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Hydroslide Cyclone Kneeboard

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Exceptionally lightweight and thin, this roto-molded, traditional V-shaped kneeboard features an ergonomically contoured EVA kneepad with deep knee wells and a 2-inch padded strap.
About Hydroslide
Hydroslide, a division of Nash Manufacturing is the premier name brand in recreational water sports products. With products ranging from the innovative "Hoppers" wake skis to the most famous brand of kneeboards worldwide, all of Hydroslide's items are made with your enjoyment in mind.

Product Description

Ride a wake with the Hydroslide(r) Cyclone kneeboard. It features a built-in hook and extra-deep knee wells for superb control and comfort. The Cyclone kneeboard is lighter and thinner than many comparable kneeboards, so you know you'll get a great ride.

Kneeboard Rating

Perfect fit for adult riders. HydroHook makes getting on board much easier. Great price comparable to what you may find at the store.

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Types of Kneeboards

In the beginning, kneeboarding was just a fun water sport, but it soon also became a competitive water sport. When that happened, various additions had to be made to make kneeboards more for competition than their original design. That is why today there are two types of kneeboards. One type of kneeboards is like the original one, made for people to have fun kneeboarding without thinking about beating the other team or individuals, with no need for special tricks and stuff like that. The other type of kneeboard is made especially to be used in various competitions. These kneeboards are made for advanced kneeboarders to be able to do some awesome tricks and stunts with their kneeboards. Because of certain specific differences between these two types, as you will see, there is also another important difference, which is related to the cost of each type. As one would expect, beginner kneeboards are much cheaper than professional kneeboards, which have various additions to make them more professional in look and feel. I will go into further details about both of these types in the following paragraphs so that in the end, you’ll have a better understanding of the two types.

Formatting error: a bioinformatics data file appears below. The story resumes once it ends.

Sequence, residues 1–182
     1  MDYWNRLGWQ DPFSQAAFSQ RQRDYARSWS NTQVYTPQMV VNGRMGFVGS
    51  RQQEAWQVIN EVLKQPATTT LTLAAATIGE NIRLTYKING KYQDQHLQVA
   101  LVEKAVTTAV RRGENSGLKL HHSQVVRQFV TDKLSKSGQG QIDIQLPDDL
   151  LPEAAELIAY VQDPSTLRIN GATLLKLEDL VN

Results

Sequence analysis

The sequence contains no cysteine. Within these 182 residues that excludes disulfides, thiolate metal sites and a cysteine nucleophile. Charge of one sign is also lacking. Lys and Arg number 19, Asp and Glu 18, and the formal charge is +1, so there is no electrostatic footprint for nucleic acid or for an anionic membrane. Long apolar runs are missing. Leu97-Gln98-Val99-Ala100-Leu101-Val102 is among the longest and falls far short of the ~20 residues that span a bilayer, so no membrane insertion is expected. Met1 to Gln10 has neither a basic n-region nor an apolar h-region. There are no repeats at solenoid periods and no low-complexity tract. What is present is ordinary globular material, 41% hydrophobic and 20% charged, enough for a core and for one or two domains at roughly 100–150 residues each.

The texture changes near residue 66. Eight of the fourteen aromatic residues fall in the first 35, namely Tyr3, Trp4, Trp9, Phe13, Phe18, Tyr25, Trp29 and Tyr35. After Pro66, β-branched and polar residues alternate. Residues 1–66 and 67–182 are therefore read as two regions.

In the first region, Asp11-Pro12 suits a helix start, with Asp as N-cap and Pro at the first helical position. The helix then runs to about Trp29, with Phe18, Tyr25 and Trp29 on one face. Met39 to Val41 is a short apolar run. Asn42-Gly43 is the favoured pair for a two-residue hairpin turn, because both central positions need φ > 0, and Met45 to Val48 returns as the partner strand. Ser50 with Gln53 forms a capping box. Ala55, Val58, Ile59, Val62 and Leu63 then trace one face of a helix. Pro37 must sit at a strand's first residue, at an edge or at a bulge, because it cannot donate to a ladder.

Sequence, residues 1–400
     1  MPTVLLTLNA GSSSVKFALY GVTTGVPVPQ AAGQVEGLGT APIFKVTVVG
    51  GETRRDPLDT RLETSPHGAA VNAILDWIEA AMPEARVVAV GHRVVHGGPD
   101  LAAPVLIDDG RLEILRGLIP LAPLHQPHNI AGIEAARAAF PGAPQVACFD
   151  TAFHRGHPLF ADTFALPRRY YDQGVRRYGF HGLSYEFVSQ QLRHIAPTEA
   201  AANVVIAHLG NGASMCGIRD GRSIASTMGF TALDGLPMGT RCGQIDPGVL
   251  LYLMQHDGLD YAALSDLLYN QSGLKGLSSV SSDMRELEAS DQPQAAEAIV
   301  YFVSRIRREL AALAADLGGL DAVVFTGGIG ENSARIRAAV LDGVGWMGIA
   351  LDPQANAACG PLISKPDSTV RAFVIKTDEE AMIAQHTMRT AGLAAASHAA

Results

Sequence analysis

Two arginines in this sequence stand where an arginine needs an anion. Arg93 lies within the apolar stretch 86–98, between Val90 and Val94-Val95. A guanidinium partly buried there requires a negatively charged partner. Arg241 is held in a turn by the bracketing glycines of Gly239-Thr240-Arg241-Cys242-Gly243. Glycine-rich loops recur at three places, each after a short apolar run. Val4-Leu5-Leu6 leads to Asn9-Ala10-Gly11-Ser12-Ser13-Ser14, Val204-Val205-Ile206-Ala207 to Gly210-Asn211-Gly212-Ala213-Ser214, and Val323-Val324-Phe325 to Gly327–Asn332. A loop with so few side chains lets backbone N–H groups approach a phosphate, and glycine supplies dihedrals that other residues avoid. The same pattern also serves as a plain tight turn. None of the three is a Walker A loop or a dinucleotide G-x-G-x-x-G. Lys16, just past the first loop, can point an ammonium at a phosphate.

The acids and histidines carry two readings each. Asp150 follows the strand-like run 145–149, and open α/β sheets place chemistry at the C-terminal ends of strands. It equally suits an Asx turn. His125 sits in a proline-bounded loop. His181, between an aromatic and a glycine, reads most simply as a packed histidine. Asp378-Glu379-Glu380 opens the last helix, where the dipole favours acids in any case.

Regarding kneeboards for fun, they tend to be a rotomolded board, which is much cheaper than various other high tech models and it also has soft and wide edges that are great for beginners who aren’t planning on doing any advanced water tricks or stunts. Another good aspect is that this type of design offers easier turning. Basically, thanks to certain design characteristics, turning is possible to be performed by beginners in a much easier way than one would expect and it has great control, so beginners do not have any trouble in preventing loss of control. These boards are relatively thick and they float easily. There are also some additions offered as extra help for beginners with regard to turning of the kneeboard.

Regarding kneeboards for competition, they are molded by compression and offer much more for execution of various stunts and added durability. Unlike the kneeboards for fun, these are much thinner and lighter - plus they have sharper edges so that advanced kneeboarders are able to do quick turns and various other advanced water tricks and stunts. These kneeboards are also much more expensive than the beginner ones, because of all the high tech manufacturing the various additions. Another important thing with this type of kneeboards is that they aren’t as buoyant as the kneeboards for beginners, which mean they don’t float as easily and thus it allows advanced kneeboarders to use deepwater starts.